Croatia requires foreigners to seek approval from the Ministry of Foreign Affairs to purchase real estate.

            Cyprus restricts non-Europeans to an apartment or villa on no more than one acre of land, subject to approval by the Council of Ministers.

            Czech Republic requires Canadians to have a visa, remain in the country for seven year, or marry a Czech citizen, to purchase property.

            Poland allows foreigners to acquire one acre of urban or 2.5 acres of rural land, subject to approval from the Polish Ministry of the Interior.

            Romania allows foreigners to purchase apartments and buildings, but not land.

        4. Dan

          at 12:49 pm

          @Pragma – why not banning moving from a big city to a small city? Guys in Toronto sells their homes for 1 million and they come in my small city and pay 500 for a home that the locals can afford to pay only 450.
          What exactly is the difference in this case?
          Or why not banning people to pay cash for a property when a first time home buyer has only 5% down payment and can’t compete writing an offer without conditions?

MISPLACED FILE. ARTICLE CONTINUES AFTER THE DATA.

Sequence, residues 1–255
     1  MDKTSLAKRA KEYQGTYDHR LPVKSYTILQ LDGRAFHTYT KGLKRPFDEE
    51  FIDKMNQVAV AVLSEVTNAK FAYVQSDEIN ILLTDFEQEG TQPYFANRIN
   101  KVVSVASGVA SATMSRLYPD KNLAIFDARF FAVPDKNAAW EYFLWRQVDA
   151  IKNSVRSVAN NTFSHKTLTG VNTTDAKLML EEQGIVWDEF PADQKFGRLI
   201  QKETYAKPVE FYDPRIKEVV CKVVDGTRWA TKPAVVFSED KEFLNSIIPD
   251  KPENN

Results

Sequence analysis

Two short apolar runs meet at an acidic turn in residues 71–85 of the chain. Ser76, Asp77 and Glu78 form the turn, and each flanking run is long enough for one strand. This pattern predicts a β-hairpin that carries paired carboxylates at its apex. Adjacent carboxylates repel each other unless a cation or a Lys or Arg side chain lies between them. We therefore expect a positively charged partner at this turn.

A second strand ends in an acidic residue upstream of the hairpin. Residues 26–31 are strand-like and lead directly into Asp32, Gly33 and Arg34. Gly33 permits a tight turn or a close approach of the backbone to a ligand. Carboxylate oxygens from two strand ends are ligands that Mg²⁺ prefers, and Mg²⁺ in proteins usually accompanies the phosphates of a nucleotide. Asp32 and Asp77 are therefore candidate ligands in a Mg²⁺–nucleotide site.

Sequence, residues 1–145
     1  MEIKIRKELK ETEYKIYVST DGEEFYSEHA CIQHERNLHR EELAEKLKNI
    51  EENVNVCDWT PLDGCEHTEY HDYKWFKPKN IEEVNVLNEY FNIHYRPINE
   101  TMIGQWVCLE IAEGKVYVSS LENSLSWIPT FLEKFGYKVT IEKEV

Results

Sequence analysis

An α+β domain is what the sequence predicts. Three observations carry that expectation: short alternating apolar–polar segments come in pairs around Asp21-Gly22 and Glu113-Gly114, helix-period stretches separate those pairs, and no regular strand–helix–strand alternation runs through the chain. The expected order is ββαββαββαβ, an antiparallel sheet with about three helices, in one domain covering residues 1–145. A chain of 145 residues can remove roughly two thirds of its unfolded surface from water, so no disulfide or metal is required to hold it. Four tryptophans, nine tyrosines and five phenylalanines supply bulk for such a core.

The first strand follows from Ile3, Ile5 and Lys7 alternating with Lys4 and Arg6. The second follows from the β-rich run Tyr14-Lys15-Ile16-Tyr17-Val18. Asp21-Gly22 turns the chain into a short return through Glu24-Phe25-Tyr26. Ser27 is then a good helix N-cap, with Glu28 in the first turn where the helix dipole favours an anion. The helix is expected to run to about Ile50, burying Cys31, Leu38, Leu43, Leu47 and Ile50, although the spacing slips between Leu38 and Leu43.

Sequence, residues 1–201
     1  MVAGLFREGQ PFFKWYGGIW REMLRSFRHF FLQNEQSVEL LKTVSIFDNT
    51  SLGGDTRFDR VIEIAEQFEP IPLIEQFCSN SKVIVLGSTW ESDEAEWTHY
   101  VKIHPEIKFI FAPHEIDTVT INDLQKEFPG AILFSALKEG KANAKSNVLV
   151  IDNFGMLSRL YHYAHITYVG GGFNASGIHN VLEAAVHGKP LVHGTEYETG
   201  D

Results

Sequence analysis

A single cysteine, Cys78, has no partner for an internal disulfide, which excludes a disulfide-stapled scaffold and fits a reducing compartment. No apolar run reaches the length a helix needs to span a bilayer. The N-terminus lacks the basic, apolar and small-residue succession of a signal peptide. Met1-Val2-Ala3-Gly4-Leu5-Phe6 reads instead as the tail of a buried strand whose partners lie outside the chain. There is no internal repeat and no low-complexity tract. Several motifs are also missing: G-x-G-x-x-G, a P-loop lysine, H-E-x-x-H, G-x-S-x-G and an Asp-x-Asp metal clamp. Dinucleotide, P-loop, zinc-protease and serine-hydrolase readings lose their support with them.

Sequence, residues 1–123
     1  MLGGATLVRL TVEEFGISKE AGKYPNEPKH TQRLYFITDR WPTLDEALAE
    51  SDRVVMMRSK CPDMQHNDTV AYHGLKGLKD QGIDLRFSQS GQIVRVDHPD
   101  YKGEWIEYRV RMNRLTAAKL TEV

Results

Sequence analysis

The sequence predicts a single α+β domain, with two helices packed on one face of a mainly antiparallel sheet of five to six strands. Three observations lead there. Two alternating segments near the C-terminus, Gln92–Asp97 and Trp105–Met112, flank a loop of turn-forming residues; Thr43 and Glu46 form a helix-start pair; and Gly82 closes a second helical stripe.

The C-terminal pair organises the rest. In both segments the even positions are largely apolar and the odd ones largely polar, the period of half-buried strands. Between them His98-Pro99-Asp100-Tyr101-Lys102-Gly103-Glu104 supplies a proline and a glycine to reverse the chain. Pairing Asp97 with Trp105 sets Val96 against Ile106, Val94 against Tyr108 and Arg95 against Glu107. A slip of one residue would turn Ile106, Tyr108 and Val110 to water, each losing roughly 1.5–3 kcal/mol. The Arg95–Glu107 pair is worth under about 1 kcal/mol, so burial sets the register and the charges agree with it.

2. Appraiser

      at 4:00 pm

      Foreign buyers are buying all the real estate – laughable!

      1. Bal

        at 7:12 am

        actually it is due to low interest rates and all domestic buyers…so there should be speculation tax on all…

    3. Sirgruper

      at 8:58 pm

      And paying an extra 15% non resident speculation tax for the privilege.

  5. Frances

    at 1:27 pm

    Before we bought our current condo we lost out on purchasing a condo in Liberty Village. The listing agent informed our agent that while our offer was indeed the highest the seller had bumped into the other couple when they were viewing the property and thought they were lovely. God we were mad! Like, we’re bloody lovely too y’know! And we were mad with our own agent for sharing this incredibly annoying story with us!